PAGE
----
The Use of Innovative Two-Component Cluster Analysis and Serodiagnostic Cut-Off Methods to Estimate Prevalence of Pertussis Reinfections.

Bordetella pertussis circulates even in highly vaccinated countries affecting all age groups. Insight into the scale of concealed reinfections is important as they may contribute to transmission. We therefore investigated whether current single-point serodiagnostic methods are suitable to estimate the prevalence of pertussis reinfection. Two methods based on IgG-Ptx plasma levels alone were used to evaluate the proportion of renewed seroconversions in the past year in a cohort of retrospective pertussis cases ≥ 24 months after a proven earlier symptomatic infection. A Dutch population database was used as a baseline. Applying a classical 62.5 IU/ml IgG-Ptx cut-off, we calculated a seroprevalence of 15% in retrospective cases, higher than the 10% observed in the population baseline. However, this method could not discriminate between renewed seroconversion and waning of previously infection-enhanced IgG-Ptx levels. Two-component cluster analysis of the IgG-Ptx datasets of both pertussis cases and the general population revealed a continuum of intermediate IgG-Ptx levels, preventing the establishment of a positive population and the comparison of prevalence by this alternative method. Next, we investigated the complementary serodiagnostic value of IgA-Ptx levels. When modelling datasets including both convalescent and retrospective cases we obtained new cut-offs for both IgG-Ptx and IgA-Ptx that were optimized to evaluate renewed seroconversions in the ex-cases target population. Combining these cut-offs two-dimensionally, we calculated 8.0% reinfections in retrospective cases, being below the baseline seroprevalence. Our study for the first time revealed the shortcomings of using only IgG-Ptx data in conventional serodiagnostic methods to determine pertussis reinfections. Improved results can be obtained with two-dimensional serodiagnostic profiling. The proportion of reinfections thus established suggests a relatively increased period of protection to renewed infection after clinical pertussis.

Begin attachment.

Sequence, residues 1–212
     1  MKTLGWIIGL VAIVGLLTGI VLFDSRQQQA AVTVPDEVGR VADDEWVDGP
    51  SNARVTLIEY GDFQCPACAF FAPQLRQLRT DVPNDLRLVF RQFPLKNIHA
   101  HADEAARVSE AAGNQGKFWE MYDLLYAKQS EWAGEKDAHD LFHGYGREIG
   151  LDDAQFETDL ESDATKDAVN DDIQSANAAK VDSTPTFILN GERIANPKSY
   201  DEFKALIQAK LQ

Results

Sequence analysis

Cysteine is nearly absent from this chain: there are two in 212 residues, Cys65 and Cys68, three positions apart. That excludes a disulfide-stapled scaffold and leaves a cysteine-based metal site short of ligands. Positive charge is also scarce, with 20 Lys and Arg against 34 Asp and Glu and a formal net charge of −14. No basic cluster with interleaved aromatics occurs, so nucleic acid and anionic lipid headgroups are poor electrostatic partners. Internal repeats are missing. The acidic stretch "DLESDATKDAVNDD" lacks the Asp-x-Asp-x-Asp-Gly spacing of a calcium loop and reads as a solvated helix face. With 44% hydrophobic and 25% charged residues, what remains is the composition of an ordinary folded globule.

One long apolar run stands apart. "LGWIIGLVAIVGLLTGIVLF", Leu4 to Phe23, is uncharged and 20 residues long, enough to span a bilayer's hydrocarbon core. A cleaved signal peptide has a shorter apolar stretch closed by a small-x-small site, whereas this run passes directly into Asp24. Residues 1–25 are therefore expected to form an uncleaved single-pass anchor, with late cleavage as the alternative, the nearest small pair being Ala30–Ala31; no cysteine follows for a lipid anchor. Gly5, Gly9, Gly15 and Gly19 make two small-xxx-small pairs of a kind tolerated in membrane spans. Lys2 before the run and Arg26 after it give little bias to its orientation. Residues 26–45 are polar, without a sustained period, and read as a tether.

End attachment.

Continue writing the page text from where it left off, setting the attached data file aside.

Authors:van Twillert I1, Bonačić Marinović AA1, van Gaans-van den Brink JA1, Kuipers B1, Berbers GA1, van der Maas NA1, Verheij TJ2, Versteegh FG3,4, Teunis PF1,5, van Els CA1.
Journal:PLoS One. 2016
Link:http://www.ncbi.nlm.nih.gov/pubmed/26848833